Kijak’s film style is a blur at first. A combinations of photographs, news reels, vintage concert footage and interviews (most shot in black and white to blend with the times) provide the visual while the voices of Jagger, Watts and Richards narrate the story. Within the first 20 minutes you get it and settle in for a fascinating feature. A cluster of famous friends from actor Benicio Del Toro and Sheryl Crow to a clueless Jack White and Shine A Light director Martin Scorsese add their two bits. Some of the most iconic moments are captured by French photographer Dominique Tarlé who was given cart blanc to the band including their personal lives. One must remember the Stones were not just five guys, but eight with the addition of Bobby Keys (saxophone, percussion), Nicky Hopkins (piano) and Jim Price (horns). The band was scattered over southern France and Mick was often with Bianca in Paris. Production was slow. Jimmy Miller, the record’s producer admits, “In the end we chose convenience, I suppose, over sound.”

With a troubled start the record managed to still come together due to the guiding hand of manager Marshall Chess. As part of the narration he admits, “Amid the clutter, Mick Taylor (Stones guitarist, then 23), stepped into his own laying down some of the best blues-edged guitar work of his five-year career with the band.” Listening to “Ventilator Blues,” “Tumbling Dice” and “Plunder My Soul” one can hear his smooth lyrical touch and tone that contrasted with Richards’ jagged, cutting technique. Though Richards contributed songs like “Happy” the rockabilly “Rip This Joint” and gospel-blues “Let It Loose,” his best moments were on Slim Harpo’s “Hip Shake” (also the inspiration for ZZ Top’s hit “La Grange”) and Robert Johnson’s “Stop Breaking Down.” Fans of bonus features will lap up the extend interview with the major characters and the humorous interplay between Watts and Jagger as they return to Nellcôte and the Olympic Studios (something they vowed at the beginning of the disc never to do). Best line in the film was during a vintage Richards’ interview when he stated, “I never plan anything, Mick’s rock and I’m roll.”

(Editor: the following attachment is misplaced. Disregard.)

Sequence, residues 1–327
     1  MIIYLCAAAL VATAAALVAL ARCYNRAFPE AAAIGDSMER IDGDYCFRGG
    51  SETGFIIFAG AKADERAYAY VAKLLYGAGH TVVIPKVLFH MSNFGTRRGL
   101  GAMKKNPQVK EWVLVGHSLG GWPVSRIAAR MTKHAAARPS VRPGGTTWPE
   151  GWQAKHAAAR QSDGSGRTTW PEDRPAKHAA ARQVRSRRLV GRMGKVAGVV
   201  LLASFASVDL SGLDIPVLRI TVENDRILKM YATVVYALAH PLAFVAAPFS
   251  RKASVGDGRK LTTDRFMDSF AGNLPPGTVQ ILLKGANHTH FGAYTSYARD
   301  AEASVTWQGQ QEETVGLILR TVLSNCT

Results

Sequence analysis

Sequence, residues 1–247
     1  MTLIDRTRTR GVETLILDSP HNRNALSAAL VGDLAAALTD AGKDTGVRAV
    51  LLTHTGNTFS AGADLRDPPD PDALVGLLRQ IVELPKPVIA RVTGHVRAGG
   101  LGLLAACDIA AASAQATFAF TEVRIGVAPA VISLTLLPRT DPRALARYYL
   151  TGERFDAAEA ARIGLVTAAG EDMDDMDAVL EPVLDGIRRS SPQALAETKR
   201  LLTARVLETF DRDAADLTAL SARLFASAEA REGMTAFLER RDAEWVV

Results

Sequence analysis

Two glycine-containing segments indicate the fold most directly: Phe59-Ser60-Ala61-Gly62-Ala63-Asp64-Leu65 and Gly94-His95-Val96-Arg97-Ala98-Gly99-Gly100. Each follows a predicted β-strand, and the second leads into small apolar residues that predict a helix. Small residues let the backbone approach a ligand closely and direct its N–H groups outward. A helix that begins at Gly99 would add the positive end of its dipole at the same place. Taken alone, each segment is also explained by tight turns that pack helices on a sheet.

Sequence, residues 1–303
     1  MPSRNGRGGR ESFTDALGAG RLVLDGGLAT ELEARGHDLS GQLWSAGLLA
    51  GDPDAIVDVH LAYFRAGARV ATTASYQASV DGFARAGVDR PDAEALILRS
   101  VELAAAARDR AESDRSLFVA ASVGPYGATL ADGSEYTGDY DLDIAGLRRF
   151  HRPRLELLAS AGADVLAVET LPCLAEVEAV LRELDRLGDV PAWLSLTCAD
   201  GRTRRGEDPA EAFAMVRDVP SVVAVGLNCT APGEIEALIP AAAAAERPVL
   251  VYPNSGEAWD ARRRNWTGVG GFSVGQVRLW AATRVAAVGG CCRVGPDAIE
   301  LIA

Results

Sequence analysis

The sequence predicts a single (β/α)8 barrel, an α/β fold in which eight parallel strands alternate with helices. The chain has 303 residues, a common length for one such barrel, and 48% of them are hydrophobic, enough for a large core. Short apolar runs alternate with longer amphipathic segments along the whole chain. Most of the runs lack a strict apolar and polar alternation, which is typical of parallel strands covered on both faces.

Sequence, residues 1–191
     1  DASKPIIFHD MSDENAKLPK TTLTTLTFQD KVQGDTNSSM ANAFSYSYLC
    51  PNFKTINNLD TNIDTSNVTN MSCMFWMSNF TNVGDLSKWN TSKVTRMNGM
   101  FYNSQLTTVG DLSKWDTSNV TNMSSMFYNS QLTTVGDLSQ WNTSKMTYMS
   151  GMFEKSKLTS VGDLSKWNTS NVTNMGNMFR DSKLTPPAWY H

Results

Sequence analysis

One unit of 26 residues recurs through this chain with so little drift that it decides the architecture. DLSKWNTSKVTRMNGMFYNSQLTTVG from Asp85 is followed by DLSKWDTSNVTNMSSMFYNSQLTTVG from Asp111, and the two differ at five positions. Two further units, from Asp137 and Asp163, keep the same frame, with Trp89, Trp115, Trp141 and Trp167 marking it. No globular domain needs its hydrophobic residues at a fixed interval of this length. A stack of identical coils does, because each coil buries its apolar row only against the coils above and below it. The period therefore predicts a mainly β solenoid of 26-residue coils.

Website: The Rolling Stones, Eagle Entertainment

A Film About The Doors
Eagle Rock Entertainment

A story about The Doors is really a story about Jim Morrison. The singer/poet of the famed ‘60s band has grown into a larger than life personality shrouded in mystery, depicted as a shaman and revered my millions. When Your Strange idolizes the lizard king. Though keyboardist Ray Manzarek, drummer John Densmore and guitarist Robby Krieger function as support characters, Morrison is the star. All things revolve around him from the segmented footage of his ’69 film project HWY: An American Pastoral to the Morrison-like ghost driving a ’68 Camero from scene to scene. Director Tom Dicillo (Living in Oblivion, Delirious) takes a number of liberties as he pieces together archival and never before seen footage of the now infamous band. Intertwining newsreels of the day, he stitches in Vietnam, the Kennedy’s and early 8mm shots of the four musicians both privately and on stage. Though weak in plot and script, the film does stand as an editing masterpiece - hence the awards from Berlin, Sundance and SXSW Film Festivals. Narrated by Johnny Depp and directed by Dick Wolf (Law & Order) we get not only a historical timeline but insight to The Doors musical impact.